The All Important Pre-Interview
Recording a life story of someone you love seems fairly straightforward. You turn on the camera and start asking questions, right?
But there’s a critical important first step you must do with family history videos. It’s something I’ve learned over the years and it goes against everything I have ever learned about documentary filmmaking, both during college and while working in broadcast television for 15 years.
As a television producer, I would always talk briefly to my subjects ahead of time. I wanted to make sure they had something worthwhile to share and I wanted them to be comfortable with me as the interviewer. But I would never "dig deep" during that conversation and I would NEVER ask the questions I was planning to ask during filming. That would be a huge mistake! You can’t get people to be authentic and real and fresh if they know all of the questions ahead of time!
Fast forward a decade later, and here’s the secret I’ve learned for creating great personal history video projects - conduct a thorough pre-interview with your subject. Sit with them for a few hours, in person or over the phone. Ask all of the questions you want to ask. Dig deep. Get great information. And by all means, take copious notes.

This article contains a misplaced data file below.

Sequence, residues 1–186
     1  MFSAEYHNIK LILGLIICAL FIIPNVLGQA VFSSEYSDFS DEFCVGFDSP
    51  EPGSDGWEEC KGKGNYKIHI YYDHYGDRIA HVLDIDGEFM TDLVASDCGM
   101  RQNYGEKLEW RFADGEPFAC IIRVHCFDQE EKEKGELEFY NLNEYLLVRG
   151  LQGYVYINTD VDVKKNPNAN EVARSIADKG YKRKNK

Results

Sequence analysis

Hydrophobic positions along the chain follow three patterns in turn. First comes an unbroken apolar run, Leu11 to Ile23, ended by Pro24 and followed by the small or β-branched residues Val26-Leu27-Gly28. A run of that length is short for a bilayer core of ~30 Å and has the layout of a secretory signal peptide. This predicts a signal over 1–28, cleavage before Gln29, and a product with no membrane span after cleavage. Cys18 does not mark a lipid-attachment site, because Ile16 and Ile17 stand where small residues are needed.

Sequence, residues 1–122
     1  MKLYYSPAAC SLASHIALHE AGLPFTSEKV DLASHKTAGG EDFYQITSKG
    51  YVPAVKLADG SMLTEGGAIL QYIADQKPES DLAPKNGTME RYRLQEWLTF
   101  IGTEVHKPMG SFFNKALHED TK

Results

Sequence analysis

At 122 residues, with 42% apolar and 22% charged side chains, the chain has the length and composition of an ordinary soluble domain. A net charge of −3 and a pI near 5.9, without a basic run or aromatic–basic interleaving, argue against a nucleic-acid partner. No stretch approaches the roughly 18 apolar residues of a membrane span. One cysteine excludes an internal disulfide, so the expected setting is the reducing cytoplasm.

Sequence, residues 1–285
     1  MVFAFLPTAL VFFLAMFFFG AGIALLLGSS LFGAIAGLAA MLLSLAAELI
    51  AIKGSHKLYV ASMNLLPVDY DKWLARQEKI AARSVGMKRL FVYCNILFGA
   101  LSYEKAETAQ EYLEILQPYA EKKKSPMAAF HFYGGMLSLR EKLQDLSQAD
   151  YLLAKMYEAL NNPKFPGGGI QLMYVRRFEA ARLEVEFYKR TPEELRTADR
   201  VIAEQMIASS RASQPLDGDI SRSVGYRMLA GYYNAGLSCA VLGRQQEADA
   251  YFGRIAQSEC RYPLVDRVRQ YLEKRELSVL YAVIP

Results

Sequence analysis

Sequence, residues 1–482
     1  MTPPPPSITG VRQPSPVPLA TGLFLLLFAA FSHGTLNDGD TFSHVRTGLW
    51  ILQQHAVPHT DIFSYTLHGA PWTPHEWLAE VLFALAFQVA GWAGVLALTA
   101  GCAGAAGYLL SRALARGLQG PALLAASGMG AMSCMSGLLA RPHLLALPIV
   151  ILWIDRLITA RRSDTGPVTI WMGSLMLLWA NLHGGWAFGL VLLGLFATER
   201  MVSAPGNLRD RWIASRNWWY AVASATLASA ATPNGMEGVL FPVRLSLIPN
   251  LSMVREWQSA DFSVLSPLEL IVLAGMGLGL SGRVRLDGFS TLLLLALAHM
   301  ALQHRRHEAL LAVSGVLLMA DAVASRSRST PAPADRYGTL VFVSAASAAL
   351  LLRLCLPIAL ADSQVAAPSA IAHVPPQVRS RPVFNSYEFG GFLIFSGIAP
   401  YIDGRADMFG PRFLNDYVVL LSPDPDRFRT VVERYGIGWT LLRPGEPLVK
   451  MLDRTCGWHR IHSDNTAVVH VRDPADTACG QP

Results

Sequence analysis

I’ve learned that people want and need help remembering their stories from long ago. In fact, they’re often afraid they’ll forget their stories once the camera starts rolling, or worse, will forget a crucial detail or sentiment they wanted to share.
Many people also have trouble figuring out how to structure their life story when going it alone, to the point that it stops them from wanting to start. Where do you begin telling about your ENTIRE LIFE? It can be overwhelming.
By conducting a pre-interview – even if you, the interviewer, already know all of the stories – it will help your subject feel prepared and you will be better able to craft an organized interview. You can use your notes to remind your subject when they forget a detail and make them feel more at ease.
Though I do make my questions on filming day a bit different from the ones I’ve asked during the pre-interview, I find my subjects are still authentic, real, and relaxed - not despite their pre-interview meeting, but because of it.